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Executive-on-loan programs grow

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Here are the week’s top nonprofit news stories reported elsewhere:

* In an effort to be socially responsible, more large corporations are engaging in executive-on-loan programs in which employees paid by corporations are loaned to charities for a few months to a few years at a time at no charge, Forbes.com reported April 31.

* One Economy, a nonprofit with the mission of bringing broadband internet access to the poor, announced plans to create the Public Internet Channel, with original content in English and Spanish at a fifth-grade literacy level, and access to information about public safety, emergency services, education, health and economic opportunities, the Washington Post reported June 8.

* Some engaged couples are choosing to create gift registries that allow friends and family to donate to a favorite charity rather than buy a traditional wedding gift, while others donate to nonprofits instead of buying guests party favors, the Associated Press reported June 13.

* More nonprofits are now merging with like organizations to reduce competition in fundraising and make the most of shrinking federal funds, The Christian Science Monitor reported June 5. Britain’s charity commission is encouraging such mergers as a way of increasing efficiency and effectiveness, UK Fundraising reported June 4.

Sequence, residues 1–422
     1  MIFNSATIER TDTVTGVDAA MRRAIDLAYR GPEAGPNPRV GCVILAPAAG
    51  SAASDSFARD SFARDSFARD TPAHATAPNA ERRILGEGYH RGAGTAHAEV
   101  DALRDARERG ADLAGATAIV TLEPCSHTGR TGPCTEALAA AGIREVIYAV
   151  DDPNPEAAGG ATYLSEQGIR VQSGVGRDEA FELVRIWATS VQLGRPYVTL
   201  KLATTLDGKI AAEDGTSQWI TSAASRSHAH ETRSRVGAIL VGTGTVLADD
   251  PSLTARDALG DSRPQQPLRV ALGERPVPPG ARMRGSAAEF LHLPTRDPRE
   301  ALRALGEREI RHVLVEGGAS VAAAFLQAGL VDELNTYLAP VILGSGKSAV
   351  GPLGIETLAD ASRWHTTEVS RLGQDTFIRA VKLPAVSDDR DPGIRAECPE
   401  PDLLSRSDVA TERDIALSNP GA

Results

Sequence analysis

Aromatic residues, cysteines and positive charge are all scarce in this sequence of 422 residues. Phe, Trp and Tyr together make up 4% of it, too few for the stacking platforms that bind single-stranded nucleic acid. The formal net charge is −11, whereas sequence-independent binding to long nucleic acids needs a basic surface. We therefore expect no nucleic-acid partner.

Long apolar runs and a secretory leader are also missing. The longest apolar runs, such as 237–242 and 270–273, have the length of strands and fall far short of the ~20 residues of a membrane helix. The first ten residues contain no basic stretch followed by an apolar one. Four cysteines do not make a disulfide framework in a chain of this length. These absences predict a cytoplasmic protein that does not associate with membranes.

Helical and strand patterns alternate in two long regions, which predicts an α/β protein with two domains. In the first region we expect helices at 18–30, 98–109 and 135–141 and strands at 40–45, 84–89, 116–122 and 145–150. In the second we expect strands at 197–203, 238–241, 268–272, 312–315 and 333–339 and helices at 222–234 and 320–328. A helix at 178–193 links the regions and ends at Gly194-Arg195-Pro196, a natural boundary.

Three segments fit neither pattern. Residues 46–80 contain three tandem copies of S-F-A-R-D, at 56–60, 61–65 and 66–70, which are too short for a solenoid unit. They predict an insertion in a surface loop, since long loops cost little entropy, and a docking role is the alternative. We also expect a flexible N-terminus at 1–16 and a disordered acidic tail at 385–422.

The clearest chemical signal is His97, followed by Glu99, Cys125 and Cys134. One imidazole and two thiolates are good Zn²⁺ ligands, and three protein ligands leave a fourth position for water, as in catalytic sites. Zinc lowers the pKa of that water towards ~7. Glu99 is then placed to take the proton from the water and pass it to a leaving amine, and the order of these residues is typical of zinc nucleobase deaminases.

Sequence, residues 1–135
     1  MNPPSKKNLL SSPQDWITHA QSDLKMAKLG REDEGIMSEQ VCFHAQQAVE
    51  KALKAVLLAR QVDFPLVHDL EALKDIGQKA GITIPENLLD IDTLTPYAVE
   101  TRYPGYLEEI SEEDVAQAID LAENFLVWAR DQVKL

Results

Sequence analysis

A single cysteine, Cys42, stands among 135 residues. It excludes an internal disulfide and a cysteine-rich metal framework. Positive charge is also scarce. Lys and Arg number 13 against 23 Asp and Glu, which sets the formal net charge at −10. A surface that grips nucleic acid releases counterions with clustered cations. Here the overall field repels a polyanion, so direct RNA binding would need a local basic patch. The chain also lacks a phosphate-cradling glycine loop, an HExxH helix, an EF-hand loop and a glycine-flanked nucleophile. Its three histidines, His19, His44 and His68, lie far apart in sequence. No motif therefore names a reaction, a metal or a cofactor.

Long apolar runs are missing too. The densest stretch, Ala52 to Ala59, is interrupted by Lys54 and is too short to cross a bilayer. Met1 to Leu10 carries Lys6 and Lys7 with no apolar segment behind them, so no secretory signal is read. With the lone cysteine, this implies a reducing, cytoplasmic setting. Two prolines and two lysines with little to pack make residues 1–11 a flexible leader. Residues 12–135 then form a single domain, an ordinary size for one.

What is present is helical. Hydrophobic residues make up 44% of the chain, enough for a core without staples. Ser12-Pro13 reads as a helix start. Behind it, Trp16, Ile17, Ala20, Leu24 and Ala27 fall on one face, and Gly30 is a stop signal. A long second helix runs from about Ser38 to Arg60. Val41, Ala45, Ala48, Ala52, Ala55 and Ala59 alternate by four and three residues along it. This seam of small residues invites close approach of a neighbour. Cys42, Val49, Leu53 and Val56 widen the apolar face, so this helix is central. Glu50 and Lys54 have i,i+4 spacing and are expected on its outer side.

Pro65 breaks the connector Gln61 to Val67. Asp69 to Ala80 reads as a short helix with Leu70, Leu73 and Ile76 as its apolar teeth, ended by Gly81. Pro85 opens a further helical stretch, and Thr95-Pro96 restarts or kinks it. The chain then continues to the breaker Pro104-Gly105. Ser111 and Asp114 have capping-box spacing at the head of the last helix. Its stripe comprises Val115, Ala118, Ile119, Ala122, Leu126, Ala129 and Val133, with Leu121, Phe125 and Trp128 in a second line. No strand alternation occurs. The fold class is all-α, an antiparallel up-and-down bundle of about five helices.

* United States oil magnate T. Boone Pickens made a $2 million donation to the University of Calgary in Canada for brain research. It is his largest contribution to a Canadian cause, Canada.com reported June 10.

* Charitable agencies are struggling with high gas prices in the form of increased delivery costs and decreased volunteer support, Catholic News Service reported June 13. Nonprofit directors are also concerned that the prices are crippling low-income families, who are “forced to decide between putting gas in the tank or food on their family’s table.”

* Vancouver General Hospital received an $18 million donation from Gordon and Leslie Diamond for a new building, state-of-the-art equipment, a fund for women’s health and an expanded urological health program, the Globe and Mail in Toronto reported Jun 9.

* In unprecedented capital campaigns, a handful of Minneapolis cultural institutions have raised hundreds of million of dollars for the revitalization of their arts programs, with three of every four dollars coming from individuals and families, the Star Tribune in Minneapolis reported June 10.

Many cities are tightly regulating walk- and run-a-thons, which raised $656 million last year, and nonprofits are looking for alternative ways to garner support, as the number of outdoor charitable events has doubled in the last 10 years, leading to traffic snarls and other frustrations for local families and businesses, the Wall Street Journal reported June 9.

— Compiled by Leslie Williams

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